HARRISBURG – The Senate approved new funding today to provide a critical layer of support for nursing homes, assisted living facilities and volunteer fire and EMS companies that are struggling due to COVID-19, according to one of the bill’s prime sponsors, Senator Camera Bartolotta (R-46).
Long-term living facilities have been a hotbed for COVID-19 cases in Pennsylvania, accounting for nearly a quarter of all cases and more than two-thirds of all deaths associated with the virus. A Senate hearing last week detailed the financial challenges facing these facilities due to the fact that the Wolf Administration has not prioritized them for testing and Personal Protective Equipment.
A major national accounting firm found that 70 percent of nursing homes in the country will be in a negative cash position by mid-May.
Senate Bill 1122, also sponsored by Senator Joe Pittman (R-41), would distribute $507 million in federal money to nursing homes and other assisted living facilities to ease the considerable strain placed on these organizations by COVID-19.
Beaver County, which Bartolotta represents, is the only county in western Pennsylvania that remains in the red phase of reopening, due almost entirely to cases in a small number of nursing homes. As of Monday, 347 of the county’s 491 total cases are residents or employees of nursing homes and personal care homes. A Senate hearing last week brought to light numerous failures by the Wolf Administration to protect and provide support to our most vulnerable population.
“The more we learn about this virus, the more we see the devastating impact it is having on older Pennsylvanians, especially in congregate care settings,” Bartolotta said. “Our nursing homes have not received the support they need from the Wolf Administration, and many of these facilities are struggling immensely as a result. We need to take immediate action to make sure our long-term living facilities can climb out of the hole the Wolf Administration has dug for them.”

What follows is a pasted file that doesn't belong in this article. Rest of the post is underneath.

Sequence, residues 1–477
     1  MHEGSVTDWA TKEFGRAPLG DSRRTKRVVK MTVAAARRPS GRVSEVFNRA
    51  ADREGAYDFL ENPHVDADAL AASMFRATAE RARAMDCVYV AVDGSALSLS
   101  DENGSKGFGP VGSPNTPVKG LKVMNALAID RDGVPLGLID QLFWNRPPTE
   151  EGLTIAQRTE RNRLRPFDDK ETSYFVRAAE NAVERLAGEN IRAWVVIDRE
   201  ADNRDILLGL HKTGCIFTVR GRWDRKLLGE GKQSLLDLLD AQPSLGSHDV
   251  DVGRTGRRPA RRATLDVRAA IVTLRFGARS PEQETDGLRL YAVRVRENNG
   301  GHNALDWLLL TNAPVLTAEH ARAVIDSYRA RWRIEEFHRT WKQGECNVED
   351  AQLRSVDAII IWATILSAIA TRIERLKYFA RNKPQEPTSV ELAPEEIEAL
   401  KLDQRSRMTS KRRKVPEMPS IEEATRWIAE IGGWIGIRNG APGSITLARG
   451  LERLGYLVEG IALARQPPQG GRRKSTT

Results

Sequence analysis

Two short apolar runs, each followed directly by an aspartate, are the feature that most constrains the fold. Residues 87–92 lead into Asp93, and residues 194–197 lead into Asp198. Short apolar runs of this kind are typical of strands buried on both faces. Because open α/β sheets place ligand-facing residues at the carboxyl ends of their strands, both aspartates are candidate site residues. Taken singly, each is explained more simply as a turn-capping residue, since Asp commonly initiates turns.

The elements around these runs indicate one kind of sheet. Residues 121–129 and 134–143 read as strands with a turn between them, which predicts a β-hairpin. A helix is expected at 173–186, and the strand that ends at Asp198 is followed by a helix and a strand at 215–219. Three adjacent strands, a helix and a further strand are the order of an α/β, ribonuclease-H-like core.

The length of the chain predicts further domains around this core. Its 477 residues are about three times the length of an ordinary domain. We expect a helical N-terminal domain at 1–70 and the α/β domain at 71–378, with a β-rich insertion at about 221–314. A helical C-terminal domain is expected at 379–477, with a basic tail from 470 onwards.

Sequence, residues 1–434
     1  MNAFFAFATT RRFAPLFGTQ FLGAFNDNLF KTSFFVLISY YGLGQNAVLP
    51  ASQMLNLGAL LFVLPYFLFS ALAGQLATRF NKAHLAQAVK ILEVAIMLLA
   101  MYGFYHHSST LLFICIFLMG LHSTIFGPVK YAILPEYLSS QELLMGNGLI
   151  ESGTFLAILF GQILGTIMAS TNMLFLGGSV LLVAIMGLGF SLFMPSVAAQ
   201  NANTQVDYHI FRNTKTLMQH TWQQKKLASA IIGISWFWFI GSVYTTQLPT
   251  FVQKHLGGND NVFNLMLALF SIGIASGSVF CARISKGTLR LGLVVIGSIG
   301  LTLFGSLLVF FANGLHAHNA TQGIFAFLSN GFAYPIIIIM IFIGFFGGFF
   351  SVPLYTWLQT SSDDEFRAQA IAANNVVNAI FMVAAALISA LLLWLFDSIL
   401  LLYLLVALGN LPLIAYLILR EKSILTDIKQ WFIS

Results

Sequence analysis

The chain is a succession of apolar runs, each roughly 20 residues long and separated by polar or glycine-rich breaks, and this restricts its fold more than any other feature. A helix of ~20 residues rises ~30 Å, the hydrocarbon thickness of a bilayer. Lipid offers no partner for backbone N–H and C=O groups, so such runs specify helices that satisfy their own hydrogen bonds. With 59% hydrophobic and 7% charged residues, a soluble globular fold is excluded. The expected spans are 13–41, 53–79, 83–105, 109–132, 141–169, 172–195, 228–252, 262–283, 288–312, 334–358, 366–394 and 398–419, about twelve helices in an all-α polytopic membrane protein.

The bill would also establish a special one-time grant program for Pennsylvania’s volunteer fire companies and EMS providers as they address the ongoing COVID-19 outbreak. The COVID-19 Crisis Fire Company and Emergency Medical Services Grant Program would allocate a total of $31 million in grants to organizations that were approved for annual funding by the Pennsylvania Emergency Management Agency (PEMA) and the office of the State Fire Commissioner (OSFC).
Companies that did not receive a grant from PEMA and OSFC would also have a new window to apply for this program.
“COVID-19 has severely restricted many of the ways that our volunteer first responders traditionally raise money, like boot drives, cash bashes and chicken barbecues. The needs of these organizations are even greater now as they respond to the statewide public health emergency this virus has caused,” Bartolotta said. “This program will help to ensure the brave men and women on the front lines fighting this battle against the coronavirus will continue to have the training, supplies and equipment they need to keep our communities – and themselves – safe.
The new funding for long-term living programs and the first responder grants will come from federal money appropriated to Pennsylvania from the CARES Act.
Senate Bill 1122 was sent to the House of Representatives for consideration.
CONTACT: Katrina Hanna (717) 787-1463